Even I'm surprised at the people who come to me for a mix down. But also, when I was doing my last two EPs, there were certain points of crisis where I wanted someone else to mix it. Sometimes you can't see the wood for the trees. And if you're a busy touring artist, it's hard to get the time to sit down and work on the minor details. It's pretty common. A lot of people need their records mixed.
The pressure to do it all yourself only exists within the dance world. But I think collaboration is a beautiful thing. If you look at the credits on a B-52s record, there's a lot of people involved every step of the way: the artwork, the design, the studio, the mix, the arrangement and so on. And I think that there's a better chance of something great coming from that. I think people need to reassess the hangup that you need to do it all on your own. What's been good about having two kids is I don't have time to sit on the internet, getting involved in this sort of thing. I just have to get on with my life and do those things.
Being a mastering engineer yourself, do you ever give directions to people mastering your own productions?
I pretty much don't tell them anything and let them do what they need to do. If it's wrong, then I tell them. But I leave it open to interpretation. Normally, I think engineers can tell when a track is in the ball park. From there, it's just enhancement. Maybe some frequencies need to be cut here and there, but you get lost when you think too much about that stuff when you're making the track. On the 12-inch I did for Ostgut, there was a low-mid frequency thing that I wasn't sure about. I wasn't confident of whether there was too much of it and what frequency was causing the issue. Sometimes it's just better to have someone else come and do it for you. Also, some mastering engineers tend to limit too heavily, but that's because people want stuff to be quite aggressive these days.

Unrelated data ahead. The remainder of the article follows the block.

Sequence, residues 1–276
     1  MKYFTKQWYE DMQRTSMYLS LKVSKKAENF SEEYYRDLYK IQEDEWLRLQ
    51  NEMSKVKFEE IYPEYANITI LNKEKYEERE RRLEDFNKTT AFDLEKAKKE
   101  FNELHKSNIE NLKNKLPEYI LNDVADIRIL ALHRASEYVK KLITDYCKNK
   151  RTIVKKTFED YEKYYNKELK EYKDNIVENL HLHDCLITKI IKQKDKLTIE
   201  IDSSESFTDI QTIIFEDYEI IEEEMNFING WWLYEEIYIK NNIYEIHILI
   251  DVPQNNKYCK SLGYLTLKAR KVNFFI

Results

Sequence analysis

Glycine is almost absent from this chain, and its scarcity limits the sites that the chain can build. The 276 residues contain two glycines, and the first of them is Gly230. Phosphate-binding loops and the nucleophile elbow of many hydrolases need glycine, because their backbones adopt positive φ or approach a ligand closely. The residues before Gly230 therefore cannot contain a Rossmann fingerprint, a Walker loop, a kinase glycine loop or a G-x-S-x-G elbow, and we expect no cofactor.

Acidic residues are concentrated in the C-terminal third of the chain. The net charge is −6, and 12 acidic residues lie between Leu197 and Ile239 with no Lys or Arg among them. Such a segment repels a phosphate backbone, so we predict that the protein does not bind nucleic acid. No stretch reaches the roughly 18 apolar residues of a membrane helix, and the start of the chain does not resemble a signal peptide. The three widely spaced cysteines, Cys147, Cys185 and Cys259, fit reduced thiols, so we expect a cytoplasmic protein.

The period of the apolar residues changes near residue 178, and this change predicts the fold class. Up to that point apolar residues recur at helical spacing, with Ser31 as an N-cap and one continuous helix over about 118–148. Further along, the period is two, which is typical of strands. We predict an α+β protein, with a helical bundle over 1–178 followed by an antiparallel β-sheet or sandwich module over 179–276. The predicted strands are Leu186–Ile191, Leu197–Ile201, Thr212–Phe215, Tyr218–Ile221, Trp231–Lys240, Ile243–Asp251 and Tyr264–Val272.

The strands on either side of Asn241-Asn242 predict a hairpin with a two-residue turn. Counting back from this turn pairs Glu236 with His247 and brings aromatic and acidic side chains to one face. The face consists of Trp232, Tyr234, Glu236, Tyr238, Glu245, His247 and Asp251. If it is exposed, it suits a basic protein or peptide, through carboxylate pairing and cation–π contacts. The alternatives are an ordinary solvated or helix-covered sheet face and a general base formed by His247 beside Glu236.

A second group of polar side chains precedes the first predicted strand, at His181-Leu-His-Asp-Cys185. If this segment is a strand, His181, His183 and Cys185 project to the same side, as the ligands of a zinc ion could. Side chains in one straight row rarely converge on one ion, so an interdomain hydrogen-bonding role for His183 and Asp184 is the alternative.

The demand for volume is shaping how people produce, too. You're often told to layer and compress percussion, but do you prefer using a single good sound?
I like to have one kick drum that sounds good, then I won't mess around with it because you get this phase thing. The phase problem, especially in the relationship between the kick and the bass, is what kills layering for me. I've got to the point now where I choose the kick drum that's right, whether that's a sample from another record or whether I'm making it myself from a machine or whatever. Maybe I'll layer it with a Goldbaby sample. Claps are different. You want thickness but if you have too much layered percussion, you get this build-up of frequencies that are difficult to work with. I do like to crush things in parallel with something like the 1176, then mixing that flattened signal in subtly with the original.
Dance tracks are inherently designed to be played in a sequence of music, so a production that isn't up to scratch can stick out or is passed over altogether. Do you think this is a factor in the tendency for layering and aggressive mastering?